It’s different things to different people. It depends on who you ask.
For rough sleepers, it’s a safe and welcoming respite from the streets, a place to come for a warm meal, mental health counseling, and more. For the elderly, lonely and poor, it’s a place to connect and find comfort in a big city where they often feel forgotten.
For AWC volunteers, it’s an opportunity to serve others, widen perspectives, make new friends, and make a difference.
For Rev. Jennifer Mills-Knutsen, Senior Minister at the American International Church, the Soup Kitchen is about much more than the meals. “It’s not just a handout, it’s not just the clothes. It’s about a sense of community, a place to belong... And for many of us, it’s about missing them when they’re gone.”
Bonnie Garmus, AWC Activity Leader for the Soup Kitchen, shares her sentiments. “People come to the Soup Kitchen ostensibly for a meal, but also for warmth and companionship. While some struggle with mental issues or addiction problems, most of them are simply down on their luck. As one of the guests once told me, ‘The Soup Kitchen is one of the few places where I can go, enjoy a hot cup of coffee, and not be judged.’”
Although Bonnie works five days a week, she carves out time to volunteer there twice a month. She says she always looks forward to seeing AWC friends, Soup Kitchen staff and the many guests they serve. “I’ve been volunteering at the Soup Kitchen for nearly two-and-a-half years," she says, "and out of all the experiences London has to offer, this remains my favorite.”
Conversation with Bonnie: It’s about friendship and perspective
How has the Soup Kitchen changed since you started?
In the last year, the number of people who seek our help has doubled.
What’s the greatest need? How can people help?
We’re in dire need of men’s jeans, trainers, parkas, and backpacks. Gently used, clean—no holes! But we also need fresh recruits to help prepare food, serve food and coffee, take numbers for the Clothes Closet, and generally just dig in and help.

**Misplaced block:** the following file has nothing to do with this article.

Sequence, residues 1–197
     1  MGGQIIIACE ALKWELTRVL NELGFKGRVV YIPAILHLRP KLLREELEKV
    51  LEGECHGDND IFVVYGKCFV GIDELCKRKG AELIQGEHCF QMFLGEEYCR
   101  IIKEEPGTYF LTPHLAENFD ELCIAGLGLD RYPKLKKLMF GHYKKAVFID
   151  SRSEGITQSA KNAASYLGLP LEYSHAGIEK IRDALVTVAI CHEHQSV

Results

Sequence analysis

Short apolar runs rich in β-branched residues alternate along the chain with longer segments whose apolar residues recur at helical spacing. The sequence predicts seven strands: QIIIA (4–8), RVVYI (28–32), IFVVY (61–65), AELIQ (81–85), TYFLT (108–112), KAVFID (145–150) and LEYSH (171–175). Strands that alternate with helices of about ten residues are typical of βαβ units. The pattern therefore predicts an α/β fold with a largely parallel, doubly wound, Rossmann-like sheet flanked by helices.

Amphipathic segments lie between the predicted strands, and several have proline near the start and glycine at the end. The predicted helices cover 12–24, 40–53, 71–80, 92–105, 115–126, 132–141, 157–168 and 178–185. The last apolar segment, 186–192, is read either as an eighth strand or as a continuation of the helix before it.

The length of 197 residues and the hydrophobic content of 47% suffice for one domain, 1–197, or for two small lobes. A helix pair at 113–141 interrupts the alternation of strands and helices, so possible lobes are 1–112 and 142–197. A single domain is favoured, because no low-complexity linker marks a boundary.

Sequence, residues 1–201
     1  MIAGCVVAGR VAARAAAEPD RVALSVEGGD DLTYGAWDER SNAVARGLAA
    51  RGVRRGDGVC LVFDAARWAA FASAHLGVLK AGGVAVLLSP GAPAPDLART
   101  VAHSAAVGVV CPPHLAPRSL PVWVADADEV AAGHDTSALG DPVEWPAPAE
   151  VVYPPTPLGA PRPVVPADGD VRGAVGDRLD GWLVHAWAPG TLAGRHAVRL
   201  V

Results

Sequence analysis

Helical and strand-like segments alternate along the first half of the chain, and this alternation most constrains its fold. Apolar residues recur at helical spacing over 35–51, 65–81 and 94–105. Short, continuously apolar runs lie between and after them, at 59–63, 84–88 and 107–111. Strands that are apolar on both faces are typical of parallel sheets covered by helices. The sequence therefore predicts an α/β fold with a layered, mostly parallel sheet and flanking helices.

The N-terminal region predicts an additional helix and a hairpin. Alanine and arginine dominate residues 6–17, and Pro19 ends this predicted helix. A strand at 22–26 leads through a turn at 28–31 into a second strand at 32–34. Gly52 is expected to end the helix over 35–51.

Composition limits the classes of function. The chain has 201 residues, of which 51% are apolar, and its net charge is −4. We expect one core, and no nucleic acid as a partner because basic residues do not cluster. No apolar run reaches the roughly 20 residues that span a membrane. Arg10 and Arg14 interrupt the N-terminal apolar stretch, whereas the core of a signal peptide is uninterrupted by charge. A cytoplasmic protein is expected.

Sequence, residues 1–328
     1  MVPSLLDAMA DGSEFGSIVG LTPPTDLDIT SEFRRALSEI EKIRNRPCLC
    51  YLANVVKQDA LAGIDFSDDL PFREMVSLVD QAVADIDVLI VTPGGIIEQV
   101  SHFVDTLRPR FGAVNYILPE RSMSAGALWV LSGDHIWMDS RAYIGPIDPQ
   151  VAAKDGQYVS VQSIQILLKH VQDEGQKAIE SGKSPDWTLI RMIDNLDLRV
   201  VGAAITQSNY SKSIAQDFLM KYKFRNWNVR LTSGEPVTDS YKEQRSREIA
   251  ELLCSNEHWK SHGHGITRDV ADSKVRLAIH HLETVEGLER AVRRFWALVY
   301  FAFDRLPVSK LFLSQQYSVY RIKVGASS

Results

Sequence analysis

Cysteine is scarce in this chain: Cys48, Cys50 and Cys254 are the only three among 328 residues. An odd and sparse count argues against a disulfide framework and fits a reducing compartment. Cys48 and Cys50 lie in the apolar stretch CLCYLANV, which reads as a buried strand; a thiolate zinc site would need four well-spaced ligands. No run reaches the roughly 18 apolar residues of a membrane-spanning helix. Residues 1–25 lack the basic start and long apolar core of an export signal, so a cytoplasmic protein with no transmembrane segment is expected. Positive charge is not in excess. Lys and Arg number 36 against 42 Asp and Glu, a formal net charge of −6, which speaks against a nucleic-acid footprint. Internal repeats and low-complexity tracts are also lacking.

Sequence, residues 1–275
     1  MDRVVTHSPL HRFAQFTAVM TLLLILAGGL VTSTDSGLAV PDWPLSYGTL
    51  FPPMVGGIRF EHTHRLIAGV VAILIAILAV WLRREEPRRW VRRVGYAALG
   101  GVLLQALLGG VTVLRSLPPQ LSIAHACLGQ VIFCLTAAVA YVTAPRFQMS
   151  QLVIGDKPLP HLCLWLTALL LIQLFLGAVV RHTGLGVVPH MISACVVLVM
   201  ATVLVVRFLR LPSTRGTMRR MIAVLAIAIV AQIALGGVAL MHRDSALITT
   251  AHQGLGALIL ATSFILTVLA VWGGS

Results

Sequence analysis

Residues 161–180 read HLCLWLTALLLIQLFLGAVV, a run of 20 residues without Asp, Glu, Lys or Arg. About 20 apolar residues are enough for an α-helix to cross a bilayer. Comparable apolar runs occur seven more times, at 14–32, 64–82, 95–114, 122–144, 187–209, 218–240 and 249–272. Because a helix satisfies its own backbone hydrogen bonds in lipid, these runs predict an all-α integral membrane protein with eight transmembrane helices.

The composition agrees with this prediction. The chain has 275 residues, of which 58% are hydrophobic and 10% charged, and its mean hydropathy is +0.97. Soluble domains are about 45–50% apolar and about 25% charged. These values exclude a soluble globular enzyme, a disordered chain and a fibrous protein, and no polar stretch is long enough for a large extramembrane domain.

What strikes you the most?
You start realizing how thin that line is—how homelessness can happen to absolutely anyone. Some of our guests have been faced with horrific burdens through no fault of their own—bad luck, layoffs, war, human trafficking, illness, the death of a loved one. I’m always amazed at how optimistic many of them remain. I’ve lost count of the number of times people have thanked us for simply being there—for smiling, taking their requests seriously, asking after their latest job application, checking in on their health, and especially, especially, for not judging them.
How has the Soup Kitchen affected you personally?
I count many of the guests I’ve met at the Soup Kitchen among some of my closest friends in London—which might sound implausible, but it’s true. You get to know people at their worst and it creates a bond that isn’t easily broken. A few weeks back, one of them waited patiently for his number to be called for the Clothes Closet, then once at the window, told me he didn’t really need anything. "I just came to see you and say hello." It made my whole day.
About the AWC and the Soup Kitchen
The Soup Kitchen feeds roughly 100 people, six days a week. Every other Monday (the busiest day of the week), AWC volunteers prep and serve coffee and soup followed by a warm meal for the 100-plus guests, followed by cleanup. It’s hard work, but also fun, and hugely appreciated. As one volunteer put it, “It feels good to feel useful.”
We need nine to ten volunteers each time: four or five to help serve in the cabin, one to call out Clothes Closet numbers, two to three in the kitchen, and one in the Clothes Closet. Join us!
Learn more about the Soup Kitchen here: amchurch.co.uk/soup-kitchen/